Interesting theory except that Shirov and Gelfand had comfortable plus scores against Anand for most of the beginning of their careers. It was only from the mid 90s that it started changing.

"your blog is dying."

Shhhhhh! MIG and Garri are busy at work trying to regime-change Russia... what can chess count for compared with democracy?

Radjabov clocks up another draw with his 3 ..f5 against the Lopez took him about 20 minutes. No one can pretend they have not been able to prepare agaisnt this as he plays it consistently against e4. Perhaps Adams should try it as he is having a miserable time with his defences to the Ruy Lopez and sems to have given up the Marshall. This was another amazing Radjabov piece of computer preperation.

Hey Mig,

Great up to date coverage of Baku, especially with Gata tied for first after 6 rounds. Remember when you mix chess with politics you get politics. This Daily blog has certainly gone to pot over the last few months. So please, **** or get off the pot.

"your blog is dying."

agreed. its dying a slow, uneventfull death!

"your blog is dying"

MIG has proven over and over that he can do two or more things at the same time.

Something is amiss.

"Great up to date coverage of Baku, especially with Gata tied for first after 6 rounds. Remember when you mix chess with politics you get politics."

Politics is inextricably linked to the international Chess scene--especially when it comes to World Championship Cycles. Thus, it is necessary to have coverage of "Political" topics to have a comprehensive blog.

Hey, if YOU want to post detailed analysis of Kamsky's win over Adams in Round 6, you are more than welcome to do so. The ending, at least, was quite cute. Arguably, Kamsky's form has not been that impressive, which perversely can be taken as a positive sign. Perhaps he is just getting warmed up.

As for handicapping the "Horse Race", there are 10 players within 1 point of the lead, and the tournament is not yet half over. You want Mig to pick the winner, already?


Not the current politics of his buddy Garry which I am referring to. Personally, if I were an olympic athlete I wouldn't appreciate Garry's most recent Wall Street Journal pontification. I find it quite self serving, but not surprising. After all, Garry has always had a you can be first after me attitude about whatever his interest is at the time. If Mig wants to continue to be a part of Kasparov's political entourage, that's fine, but at least have the courtesy-for whatever reason-to let us know why the daily dirt is dying a "slow, uneventful death."

Oh yeah,

No DOug I don't want Mig to "pick the winner." I'm just asking that he cover one of the most important tournaments of the year a little more thoroughly. In fact, "daily" would have been nice. I doubt if I stand alone on that opinion.

"Not the current politics of his buddy Garry which I am referring to. Personally, if I were an olympic athlete I wouldn't appreciate Garry's most recent Wall Street Journal pontification."

I doubt that there are many Olympic athletes who care about the politics one way or another, but those that do are likely to agree with Kasparov. Seriously, consider the plight of the Marathoner who has to run throught the Beijing smog. If the athletes had had a vote, the games would be hosted at some other venue.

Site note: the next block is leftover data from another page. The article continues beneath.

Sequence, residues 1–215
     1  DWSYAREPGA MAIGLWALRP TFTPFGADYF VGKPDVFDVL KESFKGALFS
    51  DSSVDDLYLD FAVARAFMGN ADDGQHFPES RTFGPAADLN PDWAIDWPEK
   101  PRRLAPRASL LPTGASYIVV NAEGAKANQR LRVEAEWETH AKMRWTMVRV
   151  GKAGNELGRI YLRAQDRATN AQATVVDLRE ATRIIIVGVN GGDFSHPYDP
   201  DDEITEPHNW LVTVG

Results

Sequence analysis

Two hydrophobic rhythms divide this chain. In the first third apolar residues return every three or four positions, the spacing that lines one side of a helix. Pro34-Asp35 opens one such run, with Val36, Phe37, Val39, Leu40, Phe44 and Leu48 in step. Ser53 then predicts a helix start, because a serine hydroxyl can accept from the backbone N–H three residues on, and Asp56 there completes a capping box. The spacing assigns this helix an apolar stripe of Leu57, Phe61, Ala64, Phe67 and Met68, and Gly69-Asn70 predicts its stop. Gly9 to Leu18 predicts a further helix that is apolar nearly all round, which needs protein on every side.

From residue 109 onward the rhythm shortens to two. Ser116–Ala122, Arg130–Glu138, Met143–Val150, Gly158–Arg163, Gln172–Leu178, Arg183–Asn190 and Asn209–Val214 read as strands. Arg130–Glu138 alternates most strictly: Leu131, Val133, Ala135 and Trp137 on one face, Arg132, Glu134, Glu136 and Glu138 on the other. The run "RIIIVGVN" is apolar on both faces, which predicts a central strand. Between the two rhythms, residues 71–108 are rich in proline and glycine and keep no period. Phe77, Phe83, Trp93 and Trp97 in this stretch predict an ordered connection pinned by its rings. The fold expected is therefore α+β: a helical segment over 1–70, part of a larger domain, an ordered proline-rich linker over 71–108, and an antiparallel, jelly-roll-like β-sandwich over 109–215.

Kasparov is correct that the Olympics have largely devolved into a "smash and grab" opportunity for voracious developers, sleazy speculators, and corrupt bureaucrats. The money men even came close to getting a multibillion $$ stadium built in Manhattan, merely as a way to qualify for the "Olympic Lottery". Unfortunately for the UK, London won....

If the IOC officials had any scruples whatsoever, they would just make arrangements with Greece to make them the permanent hosts of the Summer Games.

The Olympics yield horrendous return of investment for the host country, which in the best case scenario is left with overpriced, White Elephant investment. In places like China and Russia, the situation is even worse.

Just wait: in 12 years you'll be able to enjoy the 2020 Summer Games hosted by Dubai....

I dont know if the blog is dying... maybe only the blogger, since theres thousand of ccmments on each topic :)
maybe changing the name to "the weekly dirt" solves the problem :)
I try to keep up a blog too, and know how difficult it is to come up with something to write every single day. I sort of envy people who can come up with 2 or 3 texts a week consistently :) maybe the right word is admire (maybe not, maybe im just evil...)

"I doubt that there are many Olympic athletes who care about the politics one way or another..."

I see, Olympic athletes are not sophisticated enough to interpret and understand political intrigues and therefore have no say, and should forfeit their Olympic training and involvement if asked to do so. No doubt with smiles on there faces. Only chessplayers have the inherit discernment to facilitate politics with chess and realize that they are "inextricably linked."

I guess that's why we should give credence to an ex-chessplayer who is politically marginalized in his own country, and forego the Olympic tradition because of politics, greed and avarice on the part of some.

It is tough, and it is certainly not his main gig. So, it is understandable that the Daily Dirt takes a back seat to other priorities. I've seen some bloggers deputize "guest bloggers" to blog in their absence, or to beef up the number of topics.

Still, it is what it is....It's not like there are no other websites that are covering the Baku tournament. Several are doing so, fairly comprehensively.

Those who complain, volunteer. If you think that you can do better (and to be honest, you probably can, if you are willing to commit to devoting sufficient time to keep the content fresh), then go ahead and create your own blog. If it is better than the Daily Dirt, then I'm sure that the Chess Community will flock to your blogsite.

"Olympic athletes are not sophisticated enough to interpret and understand political intrigues and therefore have no say, and should forfeit their Olympic training and involvement if asked to do so."